Our nation's public water systems have provided reliable access to drinking water and safe disposal of wastewater for decades, yet a crisis looms. Some water lines are over a century old and may no longer be capable of delivering safe water to our homes, schools and businesses. Many systems have old lead and cast iron pipes that need to be replaced to ensure that Americans have access to safe public drinking water. The Water Affordability, Transparency, Equity and Reliability (WATER) Act would create a dedicated, sustainable source of funding to update our essential drinking water and sewer systems and replace aging and lead-ridden pipes.
It is essential that we reverse the current decline in federal funding. Congress passed the Clean Water Act and the Safe Drinking Water Act to ensure that our waterways are protected and that our drinking water is safe. However, since the 1980s, the federal government has cut back funding to communities for water infrastructure, with assistance falling to 30-year lows during the George W. Bush administration. Since its peak in 1977, federal funding for water infrastructure has been cut back by 74 percent in real dollars.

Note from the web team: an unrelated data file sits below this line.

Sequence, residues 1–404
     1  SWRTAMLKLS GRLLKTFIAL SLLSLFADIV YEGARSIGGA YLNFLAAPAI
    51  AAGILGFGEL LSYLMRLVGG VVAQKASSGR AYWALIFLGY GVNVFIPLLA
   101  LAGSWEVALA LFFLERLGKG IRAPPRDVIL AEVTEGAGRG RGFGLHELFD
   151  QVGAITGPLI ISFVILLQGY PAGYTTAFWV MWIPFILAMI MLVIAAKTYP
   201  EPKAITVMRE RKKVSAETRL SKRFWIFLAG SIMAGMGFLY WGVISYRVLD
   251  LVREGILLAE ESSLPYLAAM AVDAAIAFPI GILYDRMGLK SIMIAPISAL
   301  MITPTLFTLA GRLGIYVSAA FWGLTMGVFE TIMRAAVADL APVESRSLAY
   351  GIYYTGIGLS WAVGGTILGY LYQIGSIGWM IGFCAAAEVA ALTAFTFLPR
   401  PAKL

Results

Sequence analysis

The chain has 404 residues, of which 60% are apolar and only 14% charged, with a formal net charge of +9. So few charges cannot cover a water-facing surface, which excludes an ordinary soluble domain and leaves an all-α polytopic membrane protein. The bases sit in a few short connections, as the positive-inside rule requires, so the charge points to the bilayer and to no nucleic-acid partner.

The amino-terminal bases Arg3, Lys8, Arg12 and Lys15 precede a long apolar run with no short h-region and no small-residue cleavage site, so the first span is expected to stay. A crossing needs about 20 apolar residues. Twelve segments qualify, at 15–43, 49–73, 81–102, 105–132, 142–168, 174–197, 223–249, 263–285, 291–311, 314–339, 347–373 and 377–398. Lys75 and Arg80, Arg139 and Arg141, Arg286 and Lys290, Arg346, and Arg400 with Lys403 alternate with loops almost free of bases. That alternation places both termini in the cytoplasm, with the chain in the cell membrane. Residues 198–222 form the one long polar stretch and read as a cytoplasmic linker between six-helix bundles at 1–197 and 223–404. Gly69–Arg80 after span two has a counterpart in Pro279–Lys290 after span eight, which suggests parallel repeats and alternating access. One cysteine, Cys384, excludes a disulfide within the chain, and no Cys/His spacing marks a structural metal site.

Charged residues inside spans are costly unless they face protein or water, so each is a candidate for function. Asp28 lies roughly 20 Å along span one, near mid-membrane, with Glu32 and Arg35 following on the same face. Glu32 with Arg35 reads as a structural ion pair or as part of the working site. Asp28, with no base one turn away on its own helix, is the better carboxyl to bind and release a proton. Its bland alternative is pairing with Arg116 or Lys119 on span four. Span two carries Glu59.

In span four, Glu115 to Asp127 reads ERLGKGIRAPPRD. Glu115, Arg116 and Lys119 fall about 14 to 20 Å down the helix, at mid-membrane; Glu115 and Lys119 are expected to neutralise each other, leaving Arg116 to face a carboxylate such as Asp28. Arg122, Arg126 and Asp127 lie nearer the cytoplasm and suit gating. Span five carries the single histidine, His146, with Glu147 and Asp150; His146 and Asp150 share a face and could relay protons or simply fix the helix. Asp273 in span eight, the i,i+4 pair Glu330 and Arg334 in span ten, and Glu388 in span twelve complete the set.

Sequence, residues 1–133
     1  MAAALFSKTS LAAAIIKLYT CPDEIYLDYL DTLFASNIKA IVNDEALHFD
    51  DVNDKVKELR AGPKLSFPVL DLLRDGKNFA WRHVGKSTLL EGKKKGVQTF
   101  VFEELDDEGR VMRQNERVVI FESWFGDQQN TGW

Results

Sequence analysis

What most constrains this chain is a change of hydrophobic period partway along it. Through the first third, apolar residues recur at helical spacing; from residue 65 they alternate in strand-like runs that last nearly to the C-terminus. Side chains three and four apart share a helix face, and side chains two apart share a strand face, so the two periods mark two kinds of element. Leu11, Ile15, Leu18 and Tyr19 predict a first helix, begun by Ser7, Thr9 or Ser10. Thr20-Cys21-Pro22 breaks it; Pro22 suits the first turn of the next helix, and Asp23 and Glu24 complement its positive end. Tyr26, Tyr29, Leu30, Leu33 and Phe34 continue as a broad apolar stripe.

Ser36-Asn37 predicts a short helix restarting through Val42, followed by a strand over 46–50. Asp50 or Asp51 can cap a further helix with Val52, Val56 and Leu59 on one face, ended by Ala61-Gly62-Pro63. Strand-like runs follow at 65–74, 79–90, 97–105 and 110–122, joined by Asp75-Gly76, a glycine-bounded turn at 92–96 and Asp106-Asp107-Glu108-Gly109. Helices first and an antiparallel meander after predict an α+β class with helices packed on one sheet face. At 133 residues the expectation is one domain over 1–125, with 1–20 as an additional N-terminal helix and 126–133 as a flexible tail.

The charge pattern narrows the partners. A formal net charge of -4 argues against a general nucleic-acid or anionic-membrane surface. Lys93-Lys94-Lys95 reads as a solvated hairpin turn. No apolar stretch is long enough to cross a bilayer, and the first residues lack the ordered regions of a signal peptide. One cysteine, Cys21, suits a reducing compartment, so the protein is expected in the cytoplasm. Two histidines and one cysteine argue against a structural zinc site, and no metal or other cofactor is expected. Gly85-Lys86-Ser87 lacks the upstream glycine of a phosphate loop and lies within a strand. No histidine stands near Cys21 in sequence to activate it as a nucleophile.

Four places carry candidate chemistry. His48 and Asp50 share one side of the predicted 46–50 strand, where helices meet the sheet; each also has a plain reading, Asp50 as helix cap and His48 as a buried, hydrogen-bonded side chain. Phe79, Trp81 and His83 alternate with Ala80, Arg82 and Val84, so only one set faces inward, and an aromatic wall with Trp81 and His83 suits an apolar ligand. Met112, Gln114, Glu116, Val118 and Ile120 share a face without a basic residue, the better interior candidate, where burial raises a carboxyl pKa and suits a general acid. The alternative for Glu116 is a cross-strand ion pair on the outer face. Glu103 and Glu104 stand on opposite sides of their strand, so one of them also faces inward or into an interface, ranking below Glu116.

On a per capita basis, federal funding has declined 82 percent since its peak. In 1977, the federal government spent $76.27 per person (in 2014 dollars) on our water services but by 2014 that support had fallen to $13.68 per person.
At the same time, most of the water pipes under our streets were built at least half a century ago in the years immediately following World War II. Now, this infrastructure is wearing out and many water lines have already reached the end of their usefulness, with much of the rest expected to fall within the next few decades. This lack of investment in communities' water infrastructure poses a danger to the environment and threatens the safety of our drinking water for future generations.